The player they covet above all others is Robert Meachem – the Tennessee wideout who may just end up staying in his own state. Without trading Michael Turner, the Bolts and Meachem are out of reach from one another.
So where do they turn?
The problem with this draft is the dearth of safeties available. The position has been glorified over the past several years and several figure to go off the board in round one, leaving little scraps for round two. The choice, therefore, will come down to who is on the board and the drop-off in value.
The gulf is not as apparent at wide receiver, where plenty of speedy wideouts can be found, many with good upside to be solid number two/three receivers in the league.
The question, then, is whether to take a risk or jump at the chance to select a player who may not have as high a grade but would not fall to them in round two.
The Chargers endured many run ins with the law last year and with the commissioner, Roger Goodell, coming down hard on teams who ignore character flaws, the Bolts may not be in the Brandon Meriweather sweepstakes. But – this is a team that can afford to take a chance, right?
Wide receiver Steve Smith would certainly fit as well, but he would be taken 10 to 15 picks early.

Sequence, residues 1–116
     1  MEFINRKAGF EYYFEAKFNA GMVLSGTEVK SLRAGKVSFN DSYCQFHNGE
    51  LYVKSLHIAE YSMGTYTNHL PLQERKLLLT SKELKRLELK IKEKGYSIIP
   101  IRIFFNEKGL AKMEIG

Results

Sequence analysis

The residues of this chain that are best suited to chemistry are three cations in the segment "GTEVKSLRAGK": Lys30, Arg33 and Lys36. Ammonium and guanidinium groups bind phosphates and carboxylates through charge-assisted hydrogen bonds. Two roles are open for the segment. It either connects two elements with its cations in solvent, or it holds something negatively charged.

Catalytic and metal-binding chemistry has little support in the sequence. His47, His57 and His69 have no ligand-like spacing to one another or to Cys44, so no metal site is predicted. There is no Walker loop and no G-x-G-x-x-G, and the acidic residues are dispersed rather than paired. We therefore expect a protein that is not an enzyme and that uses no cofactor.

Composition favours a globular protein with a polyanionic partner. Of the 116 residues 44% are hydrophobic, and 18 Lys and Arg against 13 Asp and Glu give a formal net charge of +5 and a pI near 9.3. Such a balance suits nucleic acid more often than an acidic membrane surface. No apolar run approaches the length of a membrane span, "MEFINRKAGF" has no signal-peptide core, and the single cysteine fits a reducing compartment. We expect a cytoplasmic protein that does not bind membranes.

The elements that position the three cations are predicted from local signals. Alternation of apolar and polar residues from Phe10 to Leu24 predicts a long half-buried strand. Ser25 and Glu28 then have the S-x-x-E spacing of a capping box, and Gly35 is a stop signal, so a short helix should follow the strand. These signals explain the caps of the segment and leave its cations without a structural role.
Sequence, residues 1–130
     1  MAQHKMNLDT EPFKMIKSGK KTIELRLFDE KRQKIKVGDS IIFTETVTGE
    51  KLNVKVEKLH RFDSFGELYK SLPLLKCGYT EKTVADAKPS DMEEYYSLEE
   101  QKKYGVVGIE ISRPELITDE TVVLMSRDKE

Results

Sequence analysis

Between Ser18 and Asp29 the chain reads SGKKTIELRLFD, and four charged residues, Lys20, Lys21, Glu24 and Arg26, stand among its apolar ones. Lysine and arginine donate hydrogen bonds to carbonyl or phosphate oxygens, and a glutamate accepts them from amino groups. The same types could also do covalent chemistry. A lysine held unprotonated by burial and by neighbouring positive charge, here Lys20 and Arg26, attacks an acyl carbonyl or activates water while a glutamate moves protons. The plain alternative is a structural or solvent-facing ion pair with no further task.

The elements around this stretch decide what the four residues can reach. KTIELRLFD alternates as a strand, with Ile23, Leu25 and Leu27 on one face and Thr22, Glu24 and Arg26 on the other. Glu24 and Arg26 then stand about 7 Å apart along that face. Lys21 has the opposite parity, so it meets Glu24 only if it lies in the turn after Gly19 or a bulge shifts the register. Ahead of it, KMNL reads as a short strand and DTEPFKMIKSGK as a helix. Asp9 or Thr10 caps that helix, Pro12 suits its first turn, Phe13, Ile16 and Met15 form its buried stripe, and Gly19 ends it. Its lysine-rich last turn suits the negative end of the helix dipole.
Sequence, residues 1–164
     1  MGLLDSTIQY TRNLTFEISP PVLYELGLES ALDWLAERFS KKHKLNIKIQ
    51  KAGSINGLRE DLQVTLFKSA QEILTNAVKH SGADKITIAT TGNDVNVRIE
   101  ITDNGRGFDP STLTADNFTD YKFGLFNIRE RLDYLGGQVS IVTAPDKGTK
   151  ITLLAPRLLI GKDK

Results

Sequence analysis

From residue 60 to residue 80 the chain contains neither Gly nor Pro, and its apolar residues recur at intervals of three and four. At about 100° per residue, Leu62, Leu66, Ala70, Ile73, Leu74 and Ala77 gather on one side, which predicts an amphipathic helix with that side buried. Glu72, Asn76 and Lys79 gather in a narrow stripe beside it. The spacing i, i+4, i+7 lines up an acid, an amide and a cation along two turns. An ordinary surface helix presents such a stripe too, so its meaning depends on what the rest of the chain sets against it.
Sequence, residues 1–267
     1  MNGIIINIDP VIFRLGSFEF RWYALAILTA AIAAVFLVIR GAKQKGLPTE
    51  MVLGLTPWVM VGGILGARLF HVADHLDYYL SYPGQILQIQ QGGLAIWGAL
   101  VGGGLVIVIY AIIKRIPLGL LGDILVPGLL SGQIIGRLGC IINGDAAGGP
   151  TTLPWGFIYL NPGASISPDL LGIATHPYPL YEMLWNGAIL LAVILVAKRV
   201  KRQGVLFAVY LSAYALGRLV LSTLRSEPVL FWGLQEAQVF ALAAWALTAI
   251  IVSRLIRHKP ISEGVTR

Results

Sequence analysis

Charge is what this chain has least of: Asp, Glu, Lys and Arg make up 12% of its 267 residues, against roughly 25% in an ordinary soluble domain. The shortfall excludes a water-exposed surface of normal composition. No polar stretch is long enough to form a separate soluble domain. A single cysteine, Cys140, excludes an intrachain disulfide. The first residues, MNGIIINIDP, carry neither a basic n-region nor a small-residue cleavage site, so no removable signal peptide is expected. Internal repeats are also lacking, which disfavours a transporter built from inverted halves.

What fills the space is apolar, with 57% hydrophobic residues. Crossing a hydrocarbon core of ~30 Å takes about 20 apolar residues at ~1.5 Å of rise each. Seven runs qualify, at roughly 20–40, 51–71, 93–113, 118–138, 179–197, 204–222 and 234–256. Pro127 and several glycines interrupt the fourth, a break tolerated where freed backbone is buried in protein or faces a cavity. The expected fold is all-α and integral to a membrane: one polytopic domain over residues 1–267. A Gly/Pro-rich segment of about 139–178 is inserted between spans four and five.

In the end, the Chargers will select one from their cluster and end up with:
As stated previously, there simply aren't many good safeties to be had past the first round, and if Griffin is there and others are off the board, as expected, he is the natural fit. Griffin's experience at cornerback and ability to hug the tight end would bode well for a team that is looking for cover safety who can make plays. He is athletic and won't forego his responsibilities to make a play.
Griffin is also a special teams ace and could solidify the safety position for years to come.
The lone problem with this selection will be whether he is still here at the time they pick. Other teams also see that the safety position beyond the first is rather weak.
The cluster here includes:
Dwayne Bowe, WR, LSU
Brandon Meriweather, FS, Miami
Steve Smith, WR, USC
Anthony Gonzalez, WR, Ohio State
Eric Weddle, SS, Utah
David Harris, LB, Michigan (a darkhorse)
Dwayne Jarrett, WR, USC
Sidney Rice, WR, South Carolina
Having satisfied the safety issue in round one, the Chargers will be hoping that some coveted receivers' stay on the board for their round two selection.
The Chargers have two tall receivers that can work middle, deep, and in, but lack a true threat that stretches the field and opens up even more underneath routes for the likes of Antonio Gates and Vincent Jackson to exploit. They were enamored with size for quite some time but don't need to be at this point – they can play jump ball all day with Gates and Jackson and Malcom Floyd.
They need the kid that can run the skinny post, take the fly route, and make safeties take two steps back before they realize they have been juked, allowing the Bolts the freedom to press the issue when the safety relaxes, thinking he has a beat on Gates only to see a wideout racing by him for a 70-yard touchdown.
In light of that:
Hill has the speed to get behind the safeties and proved to be a clutch receiver for the Cougars. He makes the tough play over the middle of the field and has the girth to stay on the field, unlike the oft-injured Eric Parker.